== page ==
From Hamilton, Ohio, USA:
My seven-year-old granddaughter, diagnosed in March 2009 with type l, continues to complain of tummy aches. Her diabetes team says it is not caused by diabetes. They did a celiac test several months ago. However, when she was seen by her regular pediatrician previously, he indicated it went along with the diabetes. She's still complaining frequently. Can she still be experiencing tummy pain due to "honeymoon period"?
I don't understand your question in how you relate the diabetes honeymoon phase to the child "still" having tummy pain; the diabetes honeymoon is not typically associated with bellyaches.
I do think your granddaughter's tummy aches should be explored. Sometimes, depending on how it is done, celiac disease screening can give "false negative" results. Adrenal gland issues, for which type 1 patients are at higher risk, can also cause tummy aches. It is also very possible for even young children to get tummy aches due to increased stomach acid, the same way adults get "stressed" and gastritis/peptic ulcer type symptoms. Your granddaughter may be internalizing the new stresses of diabetes management, especially if her caregivers are rather "hyper."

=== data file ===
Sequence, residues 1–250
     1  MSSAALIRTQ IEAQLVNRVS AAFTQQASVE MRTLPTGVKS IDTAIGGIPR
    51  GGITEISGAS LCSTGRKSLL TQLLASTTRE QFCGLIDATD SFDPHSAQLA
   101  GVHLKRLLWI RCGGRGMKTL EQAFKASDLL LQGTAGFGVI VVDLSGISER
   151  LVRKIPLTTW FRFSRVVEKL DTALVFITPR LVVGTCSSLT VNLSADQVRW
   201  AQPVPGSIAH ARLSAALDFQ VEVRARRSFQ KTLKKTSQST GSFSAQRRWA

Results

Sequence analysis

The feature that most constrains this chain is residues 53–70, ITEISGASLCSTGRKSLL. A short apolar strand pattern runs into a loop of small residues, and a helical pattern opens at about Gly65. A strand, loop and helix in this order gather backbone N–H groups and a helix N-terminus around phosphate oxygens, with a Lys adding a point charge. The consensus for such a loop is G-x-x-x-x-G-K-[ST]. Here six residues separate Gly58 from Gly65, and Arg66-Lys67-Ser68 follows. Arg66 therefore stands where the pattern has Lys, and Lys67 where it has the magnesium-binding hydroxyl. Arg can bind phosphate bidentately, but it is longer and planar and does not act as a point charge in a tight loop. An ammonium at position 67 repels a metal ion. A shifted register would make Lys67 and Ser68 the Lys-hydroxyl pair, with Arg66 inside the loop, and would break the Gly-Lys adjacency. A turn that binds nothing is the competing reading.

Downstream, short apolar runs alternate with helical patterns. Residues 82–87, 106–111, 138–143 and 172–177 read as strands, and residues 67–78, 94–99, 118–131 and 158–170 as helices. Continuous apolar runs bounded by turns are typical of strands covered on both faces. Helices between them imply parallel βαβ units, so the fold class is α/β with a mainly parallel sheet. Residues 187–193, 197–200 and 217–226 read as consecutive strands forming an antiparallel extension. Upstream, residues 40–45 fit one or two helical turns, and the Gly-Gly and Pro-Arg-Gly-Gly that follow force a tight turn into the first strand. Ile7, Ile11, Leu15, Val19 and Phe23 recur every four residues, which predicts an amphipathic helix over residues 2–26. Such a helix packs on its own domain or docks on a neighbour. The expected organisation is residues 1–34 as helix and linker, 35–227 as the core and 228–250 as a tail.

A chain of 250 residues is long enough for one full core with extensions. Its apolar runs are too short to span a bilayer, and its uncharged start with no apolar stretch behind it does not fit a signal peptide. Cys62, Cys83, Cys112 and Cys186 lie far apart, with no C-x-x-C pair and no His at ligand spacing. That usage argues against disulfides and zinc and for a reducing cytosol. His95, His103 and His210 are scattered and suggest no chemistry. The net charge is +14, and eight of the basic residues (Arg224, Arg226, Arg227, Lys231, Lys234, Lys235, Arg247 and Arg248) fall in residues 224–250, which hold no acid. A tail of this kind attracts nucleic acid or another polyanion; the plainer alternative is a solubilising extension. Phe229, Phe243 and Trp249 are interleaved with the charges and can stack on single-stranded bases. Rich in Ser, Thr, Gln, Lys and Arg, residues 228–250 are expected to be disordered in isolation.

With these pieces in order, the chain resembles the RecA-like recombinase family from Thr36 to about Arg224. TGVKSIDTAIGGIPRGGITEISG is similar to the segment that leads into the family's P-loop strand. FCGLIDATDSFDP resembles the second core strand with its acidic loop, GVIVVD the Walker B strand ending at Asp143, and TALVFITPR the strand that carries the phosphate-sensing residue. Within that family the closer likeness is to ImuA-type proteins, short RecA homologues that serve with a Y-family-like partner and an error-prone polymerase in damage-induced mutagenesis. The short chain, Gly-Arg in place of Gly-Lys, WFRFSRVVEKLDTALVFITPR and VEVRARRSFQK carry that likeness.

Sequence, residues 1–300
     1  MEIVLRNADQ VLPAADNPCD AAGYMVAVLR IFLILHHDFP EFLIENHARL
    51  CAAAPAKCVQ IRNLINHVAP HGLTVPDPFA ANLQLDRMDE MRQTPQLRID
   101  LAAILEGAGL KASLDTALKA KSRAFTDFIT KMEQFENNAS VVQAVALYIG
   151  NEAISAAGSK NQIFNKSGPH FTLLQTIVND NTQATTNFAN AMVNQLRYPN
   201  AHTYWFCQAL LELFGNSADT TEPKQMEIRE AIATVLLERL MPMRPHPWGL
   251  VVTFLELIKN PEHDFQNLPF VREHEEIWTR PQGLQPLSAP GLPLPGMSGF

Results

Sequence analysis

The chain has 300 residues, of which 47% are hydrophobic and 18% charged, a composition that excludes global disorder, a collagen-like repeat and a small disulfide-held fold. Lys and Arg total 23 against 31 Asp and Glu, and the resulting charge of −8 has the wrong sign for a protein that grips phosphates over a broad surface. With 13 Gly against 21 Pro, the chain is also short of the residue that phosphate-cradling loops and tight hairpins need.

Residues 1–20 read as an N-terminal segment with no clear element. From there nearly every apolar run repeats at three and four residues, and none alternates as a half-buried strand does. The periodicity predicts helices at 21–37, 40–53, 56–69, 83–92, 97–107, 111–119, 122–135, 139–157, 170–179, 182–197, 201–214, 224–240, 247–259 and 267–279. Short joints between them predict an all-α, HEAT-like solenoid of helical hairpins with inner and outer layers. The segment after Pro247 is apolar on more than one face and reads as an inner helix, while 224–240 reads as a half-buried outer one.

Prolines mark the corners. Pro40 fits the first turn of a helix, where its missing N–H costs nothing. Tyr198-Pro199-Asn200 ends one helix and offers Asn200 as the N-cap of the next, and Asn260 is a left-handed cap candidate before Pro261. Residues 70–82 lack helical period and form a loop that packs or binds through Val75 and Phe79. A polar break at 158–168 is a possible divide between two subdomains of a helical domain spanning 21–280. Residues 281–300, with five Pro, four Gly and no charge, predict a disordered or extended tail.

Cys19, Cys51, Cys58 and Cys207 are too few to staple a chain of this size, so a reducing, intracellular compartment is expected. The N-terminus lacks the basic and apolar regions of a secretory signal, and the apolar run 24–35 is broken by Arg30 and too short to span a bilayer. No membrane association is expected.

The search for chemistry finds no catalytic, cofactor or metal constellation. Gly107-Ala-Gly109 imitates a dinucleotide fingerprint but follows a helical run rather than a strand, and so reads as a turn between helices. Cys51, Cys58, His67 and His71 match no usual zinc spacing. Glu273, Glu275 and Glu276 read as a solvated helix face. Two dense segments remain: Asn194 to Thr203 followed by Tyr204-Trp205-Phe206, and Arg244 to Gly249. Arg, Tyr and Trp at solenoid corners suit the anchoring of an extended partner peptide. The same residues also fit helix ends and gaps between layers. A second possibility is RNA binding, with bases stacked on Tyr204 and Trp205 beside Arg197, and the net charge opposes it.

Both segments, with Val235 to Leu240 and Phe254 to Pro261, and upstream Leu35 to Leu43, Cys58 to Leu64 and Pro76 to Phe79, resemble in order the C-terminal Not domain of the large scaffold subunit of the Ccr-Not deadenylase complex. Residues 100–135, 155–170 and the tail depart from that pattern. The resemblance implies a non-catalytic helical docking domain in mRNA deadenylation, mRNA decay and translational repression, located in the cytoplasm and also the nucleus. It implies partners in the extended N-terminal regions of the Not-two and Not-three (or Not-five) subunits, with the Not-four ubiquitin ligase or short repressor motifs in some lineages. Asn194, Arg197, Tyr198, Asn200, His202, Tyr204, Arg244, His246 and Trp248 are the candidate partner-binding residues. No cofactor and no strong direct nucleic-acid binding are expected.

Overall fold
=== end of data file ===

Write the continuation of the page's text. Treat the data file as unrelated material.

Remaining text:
The accumulation of body ketones, in sub-optimally controlled type 1 diabetes, are commonly associated with abdominal pain.
Maintain a dialogue with her healthcare providers and seek out consultations as needed, for instance, with a pediatric gastroenterologist, if her regular healthcare team still can't find an answer.
Last Updated: Tuesday April 06, 2010 15:10:18
This Internet site provides information of a general nature and is designed for educational purposes only. If you have any concerns about your own health or the health of your child, you should always consult with a physician or other health care professional.
This site is published by T-1 Today, Inc. (d/b/a Children with Diabetes), a 501c3 not-for-profit organization, which is responsible for its contents. Our mission is to provide education and support to families living with type 1 diabetes.
© Children with Diabetes, Inc. 1995-2016. Comments and Feedback.